Leaders of Myanmar’s military junta dined and celebrated the country’s Armed Forces Day, while the killing of more than 100 anti-coup protesters has drawn global outrage, with defence ministers of 12 nations condemning the military.
Coup leader Min Aung Hlaing and his generals threw a lavish party attended by foreign dignitaries and funerals were held for the fallen the following Sunday, with some reports the military had tried to intervene in the mourning.
The US accused the security forces of a “reign of terror” on Saturday, the deadliest day since last month’s coup as more than 400 people have now been killed in the suppression of protests in Myanmar.
The military seized control of the South East Asian country in a February 01 coup after an election which Aung San Suu Kyi’s National League for Democracy (NLD) party won by a landslide.
The luxury military party was held on Saturday to mark the annual Armed Forces Day, which commemorates the start of Myanmar’s military resistance against Japanese occupation in 1945.
Images from state TV shared on social media showed military officials, including Min Aung Hlaing, wearing white uniforms and bow ties, walking along a red carpet smiling, and seated at large tables for dinner.
Representatives of Russia, China, India, Pakistan, Bangladesh, Vietnam, Laos and Thailand attended.
Earlier on Saturday, the military held a parade and heard a speech from Min Aung Hlaing, who said he wanted to “safeguard democracy” but also warned against “violent acts”.
An international backlash soon followed as the defence chiefs of a dozen nations, including the UK, on Sunday issued a rare joint statement condemning the military’s violent actions.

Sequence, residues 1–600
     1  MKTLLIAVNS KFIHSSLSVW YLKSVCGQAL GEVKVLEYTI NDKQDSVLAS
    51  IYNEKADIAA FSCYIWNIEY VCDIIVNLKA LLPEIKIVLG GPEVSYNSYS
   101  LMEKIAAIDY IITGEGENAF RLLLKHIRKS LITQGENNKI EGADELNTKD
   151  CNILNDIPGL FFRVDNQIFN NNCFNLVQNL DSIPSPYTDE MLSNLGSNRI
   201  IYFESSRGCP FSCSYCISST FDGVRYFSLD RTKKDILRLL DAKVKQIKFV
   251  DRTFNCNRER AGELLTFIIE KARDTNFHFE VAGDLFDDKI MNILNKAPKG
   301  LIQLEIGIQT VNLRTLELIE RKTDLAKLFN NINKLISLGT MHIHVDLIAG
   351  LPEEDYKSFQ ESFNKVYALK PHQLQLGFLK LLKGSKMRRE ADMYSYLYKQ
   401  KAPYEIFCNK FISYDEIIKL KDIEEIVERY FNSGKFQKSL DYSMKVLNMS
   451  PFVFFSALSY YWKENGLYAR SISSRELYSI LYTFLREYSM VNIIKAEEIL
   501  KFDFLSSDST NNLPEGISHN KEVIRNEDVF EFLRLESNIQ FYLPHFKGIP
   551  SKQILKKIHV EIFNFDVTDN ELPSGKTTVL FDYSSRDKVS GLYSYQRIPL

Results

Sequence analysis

The US, Japan and Australia were also among the signatories of a statement that said: “A professional military follows international standards for conduct and is responsible for protecting – not harming – the people it serves.”
The UK government has also urged all British nationals in Myanmar to “leave the country as soon as possible”.
The Foreign, Commonwealth and Development Office (FCDO) said the advice “follows the significant increase in violence on March 27”.
“We were previously advising British nationals to leave unless they had an urgent need to stay,” it added.
Security forces opened fire in more than 40 locations on Saturday. The commercial centre, Yangon, saw dozens of deaths, but killings were recorded from Kachin in the north to Taninthartharyi in the far south.
The US said it was “horrified” by the killings. Secretary of State Antony Blinken accused the military of “sacrificing the lives of the people to serve the few.”
UN Secretary-General Antonio Guterres said he was “deeply shocked” by the violence, and British Foreign Secretary Dominic Raab called it a “new low”.
UN Special Rapporteur Tom Andrews called for an international emergency summit.
China and Russia have not joined the criticism, which means taking action through the UN Security Council – where they have vetoes – could be difficult. (Source: BBC)